Nonetheless, Novakovich was rewarded with his first appearance for the United States National Team on Tuesday night, due to his prolific form on-loan in Holland.

The 21-year-old striker deserves a call-back to the Reading first team at the end of the season, as he could provide an answer to their scoring woes.

Novakovich was signed in June 2014, as an 18-year-old US under 20 international, but struggled to find opportunities in Berkshire.

An unsuccessful loan spell to Cheltenham Town followed in 2015/16, until the striker finally found joy at Dutch second-division side Telstar.

The American has netted an incredible 18 goals in 29 appearances this season for Telstar, a remarkable goal tally for a player of his age.

Novakovich stands at an intimidating 6 feet 4 four inches, yet has a deft finishing touch and intelligent skills; a skill set that makes the forward a handful for oppositions defences.

After spells in the Reading academy set-up, next season may finally prove the perfect time for Novakovich to break through into the Royals’ first XI.

The Royals are currently mired in 20th in the Championship, sport the division’s ninth worst scoring record, and recently parted ways with manager Jaap Staam.

This summer will surely lead to a clearing out of the squad, providing opportunities for young talents like Novakovich to emerge.

After his fruitful spell in Holland, the striker should be ready to make the transition to the Football League, and present Reading with a much-needed attacking boost.

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Jaap Stam dismissal could be too little too late for Reading

Jaap Stam was dismissed by the Royals earlier this week.

Jake Jackman



Photo: Getty Images

Reading were one penalty shootout away from the Premier League at the end of last season and it was hoped that they would go one step better to clinch promotion during this campaign.

However, it has been a disastrous season for the Royals and they currently find themselves three points above the relegation zone with eight matches to go.

Jaap Stam had retained faith from the board for his overachievement during his first year as manager, but with their position looking more and more precarious, it became untenable.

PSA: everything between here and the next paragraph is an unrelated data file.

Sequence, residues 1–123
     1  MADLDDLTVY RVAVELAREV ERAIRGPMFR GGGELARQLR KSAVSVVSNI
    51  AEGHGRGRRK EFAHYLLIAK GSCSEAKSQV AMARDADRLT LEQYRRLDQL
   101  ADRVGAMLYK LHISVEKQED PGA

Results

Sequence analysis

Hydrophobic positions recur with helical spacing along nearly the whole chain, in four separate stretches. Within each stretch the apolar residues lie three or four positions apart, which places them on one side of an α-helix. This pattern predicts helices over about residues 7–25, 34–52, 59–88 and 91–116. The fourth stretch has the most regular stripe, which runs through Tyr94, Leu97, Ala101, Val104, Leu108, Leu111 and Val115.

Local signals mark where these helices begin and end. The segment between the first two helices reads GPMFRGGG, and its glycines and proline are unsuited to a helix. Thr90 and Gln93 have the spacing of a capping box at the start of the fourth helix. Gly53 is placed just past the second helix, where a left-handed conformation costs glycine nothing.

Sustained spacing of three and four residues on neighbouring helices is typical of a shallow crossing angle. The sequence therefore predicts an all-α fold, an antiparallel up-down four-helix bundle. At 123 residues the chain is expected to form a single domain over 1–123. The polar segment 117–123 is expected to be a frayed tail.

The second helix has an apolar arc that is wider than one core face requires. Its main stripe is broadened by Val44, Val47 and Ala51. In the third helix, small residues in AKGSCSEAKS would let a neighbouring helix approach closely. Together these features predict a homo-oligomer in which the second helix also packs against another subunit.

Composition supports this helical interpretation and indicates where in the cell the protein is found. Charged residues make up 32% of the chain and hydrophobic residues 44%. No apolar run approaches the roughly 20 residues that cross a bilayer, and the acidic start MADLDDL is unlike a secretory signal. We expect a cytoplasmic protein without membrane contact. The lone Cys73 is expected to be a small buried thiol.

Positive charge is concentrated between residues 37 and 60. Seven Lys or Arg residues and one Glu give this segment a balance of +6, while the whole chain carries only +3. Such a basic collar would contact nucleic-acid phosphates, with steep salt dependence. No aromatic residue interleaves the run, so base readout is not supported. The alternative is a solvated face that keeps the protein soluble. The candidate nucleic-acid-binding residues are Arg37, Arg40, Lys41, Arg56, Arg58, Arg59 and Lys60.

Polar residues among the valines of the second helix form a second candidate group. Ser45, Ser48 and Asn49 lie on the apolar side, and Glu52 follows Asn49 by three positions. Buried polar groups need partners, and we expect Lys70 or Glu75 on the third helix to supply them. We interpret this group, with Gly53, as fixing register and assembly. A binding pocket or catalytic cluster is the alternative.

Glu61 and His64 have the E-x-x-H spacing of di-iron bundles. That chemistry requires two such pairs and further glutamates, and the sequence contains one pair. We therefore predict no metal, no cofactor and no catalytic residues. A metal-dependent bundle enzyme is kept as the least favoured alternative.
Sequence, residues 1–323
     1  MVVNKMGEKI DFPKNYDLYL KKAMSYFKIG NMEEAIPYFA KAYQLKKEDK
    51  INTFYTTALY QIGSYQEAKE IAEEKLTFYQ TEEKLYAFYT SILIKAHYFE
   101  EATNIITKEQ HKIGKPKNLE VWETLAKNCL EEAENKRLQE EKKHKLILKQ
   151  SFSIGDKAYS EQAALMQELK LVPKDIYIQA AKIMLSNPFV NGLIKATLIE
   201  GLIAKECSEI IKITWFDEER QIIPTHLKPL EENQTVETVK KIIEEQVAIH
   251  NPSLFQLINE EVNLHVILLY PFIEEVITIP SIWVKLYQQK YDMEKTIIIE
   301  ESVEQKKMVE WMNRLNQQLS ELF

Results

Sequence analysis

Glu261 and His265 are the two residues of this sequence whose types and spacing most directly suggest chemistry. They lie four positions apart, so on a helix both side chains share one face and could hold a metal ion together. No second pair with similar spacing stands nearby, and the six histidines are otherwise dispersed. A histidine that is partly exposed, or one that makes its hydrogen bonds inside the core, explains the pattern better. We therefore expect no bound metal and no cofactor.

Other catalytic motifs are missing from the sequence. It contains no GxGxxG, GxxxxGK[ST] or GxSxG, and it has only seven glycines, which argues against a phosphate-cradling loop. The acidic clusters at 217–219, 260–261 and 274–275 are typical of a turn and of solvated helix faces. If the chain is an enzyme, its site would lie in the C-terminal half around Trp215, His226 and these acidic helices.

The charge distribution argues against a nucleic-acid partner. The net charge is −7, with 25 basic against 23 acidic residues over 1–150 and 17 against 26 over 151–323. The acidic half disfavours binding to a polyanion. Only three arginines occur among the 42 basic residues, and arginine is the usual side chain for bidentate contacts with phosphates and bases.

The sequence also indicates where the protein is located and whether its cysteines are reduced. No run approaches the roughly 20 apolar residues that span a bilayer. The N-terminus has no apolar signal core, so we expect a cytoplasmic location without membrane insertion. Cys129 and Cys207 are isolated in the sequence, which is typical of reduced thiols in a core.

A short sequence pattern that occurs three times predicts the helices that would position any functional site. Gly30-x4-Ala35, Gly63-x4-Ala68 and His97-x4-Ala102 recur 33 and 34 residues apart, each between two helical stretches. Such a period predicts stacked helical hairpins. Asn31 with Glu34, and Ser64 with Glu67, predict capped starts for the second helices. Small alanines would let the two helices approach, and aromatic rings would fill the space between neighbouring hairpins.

The club announced his dismissal on Wednesday in an online statement that featured the following:

“Jaap has not wavered in the time, effort and sheer determination he has put in to try to steer the team away from the position we find ourselves in. However, after careful consideration, the decision has been made that a change is now necessary.”

The Dutchman can’t complain that he wasn’t given a fair chance.

There are only eight matches remaining in the season and it has become obvious that he was no longer the right man for the job.

(Photo by Gareth Copley/Getty Images)

It was inconceivable at the start of the campaign that Reading would be battling relegation. They were a team with promotion ambitions, but 2018 has been terrible for them.

The Royals have won only one Championship match during this calendar year.

A number of draws have kept the club stuttering along, but now they are only three points above the bottom three, a decision had to be made.

Stam will look back at his time with Reading as a positive one.

He managed to surprise a lot of pundits by taking them to third position in his first season and was unlucky not to be promoted, but there are a lot of people still scratching their head at how the Royals managed to finish as high as they did.

The likes of Fulham, Leeds United and Sheffield Wednesday were all seen as better teams, but something clicked for Reading and it is difficult to explain what.

Mark Taylor made an observation on Twitter using expected goals. Stam’s team massively overachieved based on that metric, which projected them as finishing 19th.

This season, the model projects them in 17th. In short, this decline in league position was predictable.

Although there are problems with expected goals, it does provide a good explanation for Reading’s decline this season.

Their results have simply returned to the mean and they are now getting the points to match their performance level.

(Photo by Catherine Ivill/Getty Images)

It isn’t that they have got worse under Stam’s management, but rather that last season was the outlier.

If Reading, as a club, want to be competing for promotion, Stam wasn’t the right manager to deliver that. The underlying numbers throughout his tenure highlight that.

His side scored 112 goals and conceded 121 in the Championship during the Dutchman’s time as manager.

That isn’t a record that suggests he is good enough to lead the club back to the Premier League.

The time for dissecting Stam’s tenure and his failures isn’t now. Reading must concentrate on making the right appointment to secure their place in the Championship.

It would be a huge blow if they were to fall to the third tier for the first time since the 2001/2 season.

With only eight matches left, there is little room for error for any incoming manager. The club must hope that this decision wasn’t too little too late.